20. The computer program product of claim 19, wherein the synchronizing further includes identifying whether a conflict exist in modifications of at least two of the plurality of change summaries.

21. The computer program product of claim 20, wherein the computer usable program code further causes the computer hardware system to perform: upon no conflict being identified, modifying the input event using the synchronized change summary; and propagating the modified input event in the EPN.

Description:

BACKGROUND OF THE INVENTION

Event processing is a process of sensing, manipulating, responding to events and propagating events from an event source to a consumer of the event. Typically, event driven (ED) systems are capable of event processing. An ED system is facilitated and formally represented by means of an Event Processing Network (EPN), which can be represented as a graph having nodes and edges. The EPN consists of a set of Event Processing Agents (EPA) (the nodes) interconnected by communication channels.

Typically in event processing, there are multiple factors that determine the efficiency of the ED system. Some of the factors are, for example, latency, throughput etc. In such ED systems, when a parallel route exists for an event to traverse the EPN, the event passes through all the elements of the parallel branch of the EPN. This may necessitate a user working with the ED system to manage the life cycle of threads and handling synchronization issues that may arise from multiple threads accessing the same data.

BRIEF SUMMARY OF THE INVENTION

Aspects of the invention are directed to a method, a system and a computer program for parallel event processing in an event processing network.

Embodiments of the invention may include a system, a method and a computer program product for processing an event in an event processing network (EPN) having at least one event processing agent (EPA) in the EPN. An execution mode for at least one EPA is assigned, the execution mode including a concurrent mode and a sequential mode. The execution mode for the at least one EPA is stored in the EPN metadata.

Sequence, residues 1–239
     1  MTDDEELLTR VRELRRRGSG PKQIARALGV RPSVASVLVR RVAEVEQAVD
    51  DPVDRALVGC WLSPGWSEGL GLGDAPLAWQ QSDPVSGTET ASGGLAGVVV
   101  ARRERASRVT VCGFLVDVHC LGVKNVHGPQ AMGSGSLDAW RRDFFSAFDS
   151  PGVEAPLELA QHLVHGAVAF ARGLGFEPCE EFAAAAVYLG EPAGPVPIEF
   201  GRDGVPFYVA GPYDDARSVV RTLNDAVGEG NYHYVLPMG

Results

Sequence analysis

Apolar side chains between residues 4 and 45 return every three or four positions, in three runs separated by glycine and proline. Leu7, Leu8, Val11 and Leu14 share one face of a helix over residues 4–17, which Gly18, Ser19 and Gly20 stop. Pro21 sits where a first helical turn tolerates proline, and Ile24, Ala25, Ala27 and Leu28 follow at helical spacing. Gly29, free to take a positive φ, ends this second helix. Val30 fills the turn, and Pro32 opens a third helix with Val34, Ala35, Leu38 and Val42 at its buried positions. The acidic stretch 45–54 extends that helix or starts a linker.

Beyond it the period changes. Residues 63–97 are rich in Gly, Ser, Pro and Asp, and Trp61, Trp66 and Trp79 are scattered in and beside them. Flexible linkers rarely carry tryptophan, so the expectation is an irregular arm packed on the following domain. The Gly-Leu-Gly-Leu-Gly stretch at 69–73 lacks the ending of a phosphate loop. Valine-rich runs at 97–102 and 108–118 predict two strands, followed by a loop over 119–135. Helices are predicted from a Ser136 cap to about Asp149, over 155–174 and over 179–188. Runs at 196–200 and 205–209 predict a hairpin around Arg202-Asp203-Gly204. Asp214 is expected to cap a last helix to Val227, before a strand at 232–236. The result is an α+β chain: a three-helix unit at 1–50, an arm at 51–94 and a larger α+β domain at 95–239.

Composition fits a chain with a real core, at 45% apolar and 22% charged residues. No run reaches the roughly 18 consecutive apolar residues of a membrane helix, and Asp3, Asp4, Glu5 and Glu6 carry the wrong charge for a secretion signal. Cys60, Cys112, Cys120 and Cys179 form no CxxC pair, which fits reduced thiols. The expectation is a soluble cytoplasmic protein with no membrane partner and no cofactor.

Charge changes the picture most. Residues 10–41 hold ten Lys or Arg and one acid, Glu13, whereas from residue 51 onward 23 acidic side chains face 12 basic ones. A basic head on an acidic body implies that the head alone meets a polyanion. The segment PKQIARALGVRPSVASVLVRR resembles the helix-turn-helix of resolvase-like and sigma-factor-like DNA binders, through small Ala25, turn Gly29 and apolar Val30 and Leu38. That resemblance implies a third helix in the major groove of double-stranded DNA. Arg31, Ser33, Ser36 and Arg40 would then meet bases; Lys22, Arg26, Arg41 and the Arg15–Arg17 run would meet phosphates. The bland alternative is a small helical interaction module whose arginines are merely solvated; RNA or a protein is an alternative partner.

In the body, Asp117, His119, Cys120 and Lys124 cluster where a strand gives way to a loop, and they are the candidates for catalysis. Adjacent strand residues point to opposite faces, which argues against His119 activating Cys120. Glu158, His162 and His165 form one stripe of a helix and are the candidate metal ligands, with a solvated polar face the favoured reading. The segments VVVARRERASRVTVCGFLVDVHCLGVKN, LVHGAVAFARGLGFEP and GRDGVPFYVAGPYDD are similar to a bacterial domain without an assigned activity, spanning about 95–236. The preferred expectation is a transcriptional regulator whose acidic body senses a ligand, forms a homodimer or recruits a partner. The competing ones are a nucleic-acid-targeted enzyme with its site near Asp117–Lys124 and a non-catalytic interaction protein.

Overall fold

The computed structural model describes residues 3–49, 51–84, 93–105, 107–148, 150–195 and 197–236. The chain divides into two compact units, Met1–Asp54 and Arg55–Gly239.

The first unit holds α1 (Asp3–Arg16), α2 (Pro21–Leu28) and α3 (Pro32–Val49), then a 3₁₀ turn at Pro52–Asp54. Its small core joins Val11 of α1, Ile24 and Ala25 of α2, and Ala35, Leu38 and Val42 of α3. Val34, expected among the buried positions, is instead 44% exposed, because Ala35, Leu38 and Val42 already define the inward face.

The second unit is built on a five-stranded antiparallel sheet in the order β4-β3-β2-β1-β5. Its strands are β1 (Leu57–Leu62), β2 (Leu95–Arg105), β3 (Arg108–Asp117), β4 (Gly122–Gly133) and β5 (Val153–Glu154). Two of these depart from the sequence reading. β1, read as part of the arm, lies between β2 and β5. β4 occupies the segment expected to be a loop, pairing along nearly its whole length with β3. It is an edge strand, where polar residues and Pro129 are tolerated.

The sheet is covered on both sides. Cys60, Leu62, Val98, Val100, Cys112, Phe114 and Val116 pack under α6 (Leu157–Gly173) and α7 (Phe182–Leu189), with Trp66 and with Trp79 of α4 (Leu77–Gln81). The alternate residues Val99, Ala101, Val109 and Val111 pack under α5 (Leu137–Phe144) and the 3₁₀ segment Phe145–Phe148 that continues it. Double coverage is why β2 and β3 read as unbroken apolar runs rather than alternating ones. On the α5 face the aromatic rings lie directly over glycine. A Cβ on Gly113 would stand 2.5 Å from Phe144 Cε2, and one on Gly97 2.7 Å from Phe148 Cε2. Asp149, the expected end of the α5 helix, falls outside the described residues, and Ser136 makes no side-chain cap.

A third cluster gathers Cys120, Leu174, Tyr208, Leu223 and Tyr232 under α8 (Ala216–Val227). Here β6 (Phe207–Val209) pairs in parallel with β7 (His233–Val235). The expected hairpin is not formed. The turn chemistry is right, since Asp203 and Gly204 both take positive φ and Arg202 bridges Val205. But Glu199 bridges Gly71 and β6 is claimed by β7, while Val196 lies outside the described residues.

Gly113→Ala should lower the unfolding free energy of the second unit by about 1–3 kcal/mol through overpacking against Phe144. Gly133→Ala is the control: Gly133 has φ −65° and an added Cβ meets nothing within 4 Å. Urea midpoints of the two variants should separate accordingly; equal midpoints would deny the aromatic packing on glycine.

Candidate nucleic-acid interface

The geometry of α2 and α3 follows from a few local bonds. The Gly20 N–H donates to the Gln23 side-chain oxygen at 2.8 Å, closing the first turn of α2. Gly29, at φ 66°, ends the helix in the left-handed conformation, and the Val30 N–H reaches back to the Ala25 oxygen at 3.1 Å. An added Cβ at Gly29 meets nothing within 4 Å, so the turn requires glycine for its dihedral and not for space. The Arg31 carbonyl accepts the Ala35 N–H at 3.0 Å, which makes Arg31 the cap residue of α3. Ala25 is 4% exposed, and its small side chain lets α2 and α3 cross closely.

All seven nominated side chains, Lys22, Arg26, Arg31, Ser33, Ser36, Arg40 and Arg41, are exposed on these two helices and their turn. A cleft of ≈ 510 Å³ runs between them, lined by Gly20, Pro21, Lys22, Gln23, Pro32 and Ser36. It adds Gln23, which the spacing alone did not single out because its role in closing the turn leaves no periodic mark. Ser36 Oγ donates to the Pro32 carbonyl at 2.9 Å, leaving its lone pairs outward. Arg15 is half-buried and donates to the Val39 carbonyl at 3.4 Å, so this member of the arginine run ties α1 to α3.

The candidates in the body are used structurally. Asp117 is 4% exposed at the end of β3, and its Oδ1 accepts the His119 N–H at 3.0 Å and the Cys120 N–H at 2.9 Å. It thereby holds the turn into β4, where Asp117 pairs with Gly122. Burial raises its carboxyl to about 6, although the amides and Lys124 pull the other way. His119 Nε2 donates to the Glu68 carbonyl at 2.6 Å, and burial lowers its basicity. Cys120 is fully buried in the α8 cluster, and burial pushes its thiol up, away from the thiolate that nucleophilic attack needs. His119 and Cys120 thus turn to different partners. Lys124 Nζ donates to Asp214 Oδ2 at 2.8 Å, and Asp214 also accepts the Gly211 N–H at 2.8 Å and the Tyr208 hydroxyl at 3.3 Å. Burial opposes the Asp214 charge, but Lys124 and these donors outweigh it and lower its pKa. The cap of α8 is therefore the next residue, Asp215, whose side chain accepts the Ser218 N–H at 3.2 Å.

According to an embodiment of the invention, an event is received, in response to an event occurrence, at an event source. The EPN is typically configured to include the event source. The EPN is then loaded. For example, the EPN is transferred from a storage device to a device memory; after loading the EPN, at least one EPA is initialized. Loading and initializing the EPN are tasks that may be performed by an appropriate driver. A further embodiment of the invention may include routing the event in the EPN until the EPA is encountered and an input event is identified. The input event corresponds to the encountered EPA. The execution mode of the encountered EPA is determined.

A further embodiment of the invention may include routing the input event to a subsequent EPA to determine if the execution mode is the sequential mode.

Yet a further embodiment may include processing and routing the event to determine if the execution mode is the concurrent mode. A replica of the input event is created. Each child EPA of the encountered EPA is then identified. The replica of the input event is allocated to each of the child EPAs of the encountered EPA. A change summary corresponding to each of the child EPAs is created, the change summary being associated with the input event. The change summary is modified in response to a modification performed by each of the child EPAs on the replica of the input event.

The change summary corresponding to each of the child EPAs of the encountered EPA is then synchronized and any conflict in the modifications is resolved, if and only if a conflict is identified between at least two of the change summaries. A modified input event is then generated using the synchronized change summary of each of the child EPAs of the encountered EPA. Subsequently, the modified input event is propagated in the EPN. Other embodiments are also disclosed.